Future of Employee ExperienceJul, 2020
60 per cent of UK employees say that the traditional nine to five no longer works for them as they try to balance life in and out of work, so is it time for change? Our Future of Employee Experience special report, published in The Times, looks at the changing nature of our future working lives, the concept of being employed, and the reasons why we’re sick of video calls. It explores turning customers into activists in an interview with US Ben & Jerry’s activism manager, Jabari Paul. It examines the handling, and mishandling, of lockdown redundancies from the employee’s perspective. Also featured is an infographic on ditching the nine to five and making the case for a four-day work week.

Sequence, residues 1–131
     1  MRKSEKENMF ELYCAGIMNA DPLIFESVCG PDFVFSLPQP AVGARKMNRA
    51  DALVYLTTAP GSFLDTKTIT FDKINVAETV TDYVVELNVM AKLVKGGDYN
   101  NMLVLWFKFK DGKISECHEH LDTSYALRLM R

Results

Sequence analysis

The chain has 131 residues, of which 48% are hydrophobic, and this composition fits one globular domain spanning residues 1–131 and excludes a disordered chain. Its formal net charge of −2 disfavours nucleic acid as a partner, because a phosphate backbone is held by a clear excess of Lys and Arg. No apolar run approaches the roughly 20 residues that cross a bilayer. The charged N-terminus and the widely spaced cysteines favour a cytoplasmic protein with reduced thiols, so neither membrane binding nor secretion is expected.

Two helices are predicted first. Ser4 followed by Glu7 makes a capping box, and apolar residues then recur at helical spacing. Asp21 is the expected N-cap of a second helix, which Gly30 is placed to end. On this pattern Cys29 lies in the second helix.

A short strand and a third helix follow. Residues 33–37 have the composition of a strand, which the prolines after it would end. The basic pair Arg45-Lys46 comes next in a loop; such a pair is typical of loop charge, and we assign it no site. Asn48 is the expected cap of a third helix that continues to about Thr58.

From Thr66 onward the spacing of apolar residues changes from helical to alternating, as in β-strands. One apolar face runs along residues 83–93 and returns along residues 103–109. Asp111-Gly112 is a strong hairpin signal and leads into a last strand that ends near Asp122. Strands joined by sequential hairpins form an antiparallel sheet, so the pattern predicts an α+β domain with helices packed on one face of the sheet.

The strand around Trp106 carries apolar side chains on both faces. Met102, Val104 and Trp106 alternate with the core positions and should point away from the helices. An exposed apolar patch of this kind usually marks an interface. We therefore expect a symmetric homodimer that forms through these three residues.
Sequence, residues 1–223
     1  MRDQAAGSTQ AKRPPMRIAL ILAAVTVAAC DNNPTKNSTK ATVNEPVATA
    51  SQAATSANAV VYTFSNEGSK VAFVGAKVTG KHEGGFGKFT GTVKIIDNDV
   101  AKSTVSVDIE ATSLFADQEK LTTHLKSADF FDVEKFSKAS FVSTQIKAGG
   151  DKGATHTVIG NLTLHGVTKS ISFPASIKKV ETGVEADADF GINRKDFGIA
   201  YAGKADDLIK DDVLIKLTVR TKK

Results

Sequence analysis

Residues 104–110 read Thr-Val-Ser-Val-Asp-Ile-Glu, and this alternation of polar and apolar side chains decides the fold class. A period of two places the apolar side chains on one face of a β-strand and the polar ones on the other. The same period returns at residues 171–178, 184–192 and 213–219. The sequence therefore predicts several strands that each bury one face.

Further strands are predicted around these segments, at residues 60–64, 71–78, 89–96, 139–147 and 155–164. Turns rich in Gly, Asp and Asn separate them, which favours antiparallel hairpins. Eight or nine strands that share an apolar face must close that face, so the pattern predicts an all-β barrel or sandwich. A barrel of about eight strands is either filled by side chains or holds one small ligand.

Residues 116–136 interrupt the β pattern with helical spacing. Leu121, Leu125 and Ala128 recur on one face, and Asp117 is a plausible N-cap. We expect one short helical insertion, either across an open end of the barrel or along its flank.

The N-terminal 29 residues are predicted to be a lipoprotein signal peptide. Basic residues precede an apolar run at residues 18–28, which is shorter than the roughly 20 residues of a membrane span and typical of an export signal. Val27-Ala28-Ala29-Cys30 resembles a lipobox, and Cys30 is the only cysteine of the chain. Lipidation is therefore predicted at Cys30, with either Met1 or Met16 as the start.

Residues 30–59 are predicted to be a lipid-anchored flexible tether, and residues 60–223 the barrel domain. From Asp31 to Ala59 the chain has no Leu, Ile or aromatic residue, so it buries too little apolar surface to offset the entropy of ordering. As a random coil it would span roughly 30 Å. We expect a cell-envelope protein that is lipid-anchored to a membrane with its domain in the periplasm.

Just a decade ago, the idea of moving to a four-day work week would have seemed unrealistic and doomed for failure. But with many governments rolling out trials and the pandemic prompting companies across the world to adopt more flexible working patterns, the argument to move away from the traditional nine to five has begun to gather speed. Whether our future working lives will be completely flexible, confined to four days a week or spread out across seven, remains to be seen. What is clear, however, is that the tried-and-tested 40-hour work week is at risk of becoming obsolete